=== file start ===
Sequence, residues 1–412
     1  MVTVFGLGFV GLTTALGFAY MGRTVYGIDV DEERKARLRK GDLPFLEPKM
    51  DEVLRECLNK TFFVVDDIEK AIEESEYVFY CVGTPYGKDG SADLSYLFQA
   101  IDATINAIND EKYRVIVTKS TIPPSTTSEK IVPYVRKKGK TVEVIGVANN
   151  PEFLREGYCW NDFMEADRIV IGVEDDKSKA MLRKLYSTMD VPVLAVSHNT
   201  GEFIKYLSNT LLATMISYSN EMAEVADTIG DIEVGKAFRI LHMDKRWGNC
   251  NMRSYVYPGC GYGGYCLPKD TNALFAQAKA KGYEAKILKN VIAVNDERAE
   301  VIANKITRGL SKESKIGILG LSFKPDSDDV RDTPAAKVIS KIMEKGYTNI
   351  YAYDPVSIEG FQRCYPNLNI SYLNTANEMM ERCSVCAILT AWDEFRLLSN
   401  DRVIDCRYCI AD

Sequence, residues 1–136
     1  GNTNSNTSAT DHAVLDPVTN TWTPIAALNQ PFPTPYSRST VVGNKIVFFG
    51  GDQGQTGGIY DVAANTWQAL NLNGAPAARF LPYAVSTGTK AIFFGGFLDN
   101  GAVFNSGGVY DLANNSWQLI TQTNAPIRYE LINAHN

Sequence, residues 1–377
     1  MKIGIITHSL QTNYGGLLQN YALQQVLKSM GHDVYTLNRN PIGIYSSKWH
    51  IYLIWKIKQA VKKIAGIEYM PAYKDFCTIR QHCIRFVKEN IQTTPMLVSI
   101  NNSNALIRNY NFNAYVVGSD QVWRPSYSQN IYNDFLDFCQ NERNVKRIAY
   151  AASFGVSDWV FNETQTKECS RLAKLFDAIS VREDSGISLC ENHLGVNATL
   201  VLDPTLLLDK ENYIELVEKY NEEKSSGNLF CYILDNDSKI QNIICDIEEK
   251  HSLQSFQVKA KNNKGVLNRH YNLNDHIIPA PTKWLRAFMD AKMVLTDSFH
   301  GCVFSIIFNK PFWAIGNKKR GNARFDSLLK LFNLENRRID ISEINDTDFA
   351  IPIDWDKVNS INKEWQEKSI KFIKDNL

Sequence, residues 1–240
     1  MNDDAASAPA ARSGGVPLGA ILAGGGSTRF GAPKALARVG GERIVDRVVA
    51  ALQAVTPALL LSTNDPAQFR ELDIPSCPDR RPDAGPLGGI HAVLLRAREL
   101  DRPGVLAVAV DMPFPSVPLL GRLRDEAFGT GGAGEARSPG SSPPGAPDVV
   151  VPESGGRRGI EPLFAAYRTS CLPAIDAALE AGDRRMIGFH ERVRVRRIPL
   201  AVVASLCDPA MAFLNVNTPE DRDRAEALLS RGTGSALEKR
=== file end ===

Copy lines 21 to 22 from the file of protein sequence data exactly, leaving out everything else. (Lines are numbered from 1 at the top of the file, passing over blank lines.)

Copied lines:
   251  HSLQSFQVKA KNNKGVLNRH YNLNDHIIPA PTKWLRAFMD AKMVLTDSFH
   301  GCVFSIIFNK PFWAIGNKKR GNARFDSLLK LFNLENRRID ISEINDTDFA